FCC Commissioner Michael O’Rielly on Tuesday suggested the agency is preparing to crack down on states and local governments with onerous regulations governing wireless infrastructure.
“We’ve tried the nice route,” O’Rielly said during a question-and-answer session at the Wireless Infrastructure Association’s Connectivity Expo in Charlotte, N.C. “I think now we’re going to have to try the aggressive route.”
Proponents of standardizing and streamlining infrastructure regulations nationwide argue the changes are needed to efficiently deploy small cells, which are a fraction of the size of macro cellular towers and therefore should not need the same regulatory oversight.
The FCC earlier this year eliminated federal oversight of small cells in hopes of bolstering development of 5G networks, but those projects remain subject to state and local regulations.
WIA President and CEO Jonathan Adelstein said, to date, 20 states have enacted standard small cell siting processes, but the 30 remaining states generally feature widely varying zoning regulations.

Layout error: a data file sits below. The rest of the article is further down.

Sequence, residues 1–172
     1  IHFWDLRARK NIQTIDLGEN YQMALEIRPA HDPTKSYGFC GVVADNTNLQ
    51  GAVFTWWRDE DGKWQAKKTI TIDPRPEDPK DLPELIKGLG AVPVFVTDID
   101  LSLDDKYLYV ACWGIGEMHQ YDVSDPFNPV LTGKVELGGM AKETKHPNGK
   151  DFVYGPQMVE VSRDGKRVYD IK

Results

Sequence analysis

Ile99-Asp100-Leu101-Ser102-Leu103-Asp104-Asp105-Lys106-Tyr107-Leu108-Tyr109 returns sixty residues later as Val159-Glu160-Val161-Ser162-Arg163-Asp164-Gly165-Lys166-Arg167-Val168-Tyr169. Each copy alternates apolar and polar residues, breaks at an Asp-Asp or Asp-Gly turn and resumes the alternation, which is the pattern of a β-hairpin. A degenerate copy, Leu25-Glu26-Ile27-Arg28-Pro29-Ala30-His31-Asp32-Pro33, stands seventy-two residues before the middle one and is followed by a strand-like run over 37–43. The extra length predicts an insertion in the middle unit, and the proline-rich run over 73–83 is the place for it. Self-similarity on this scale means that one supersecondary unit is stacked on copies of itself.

O’Rielly said he still hopes the FCC will take up the matter this summer, although he conceded it “could slip a little.”
He argued the commission needs to utilize its authority to remove barriers to network development, but opponents have criticized efforts to ease local oversight of wireless projects.
O’Rielly characterized some communities with burdensome regulations as “bad actors” and suggested they simply hoped to extract as much funding as possible from carriers and infrastructure providers.
In some cities, he said, companies have simply opted to build elsewhere rather than meet local demands.
“That can’t be an acceptable answer,” O’Rielly said.
Although he conceded that sweeping FCC action would present problems for supporters of shared state and local authority — and acknowledged the tight budget constraints faced by many governments — the nation’s wireless connectivity is a more important factor.
“I’ve got a larger goal,” O’Rielly said. “Which is making sure the citizens are served.”
Filed Under: Industry regulations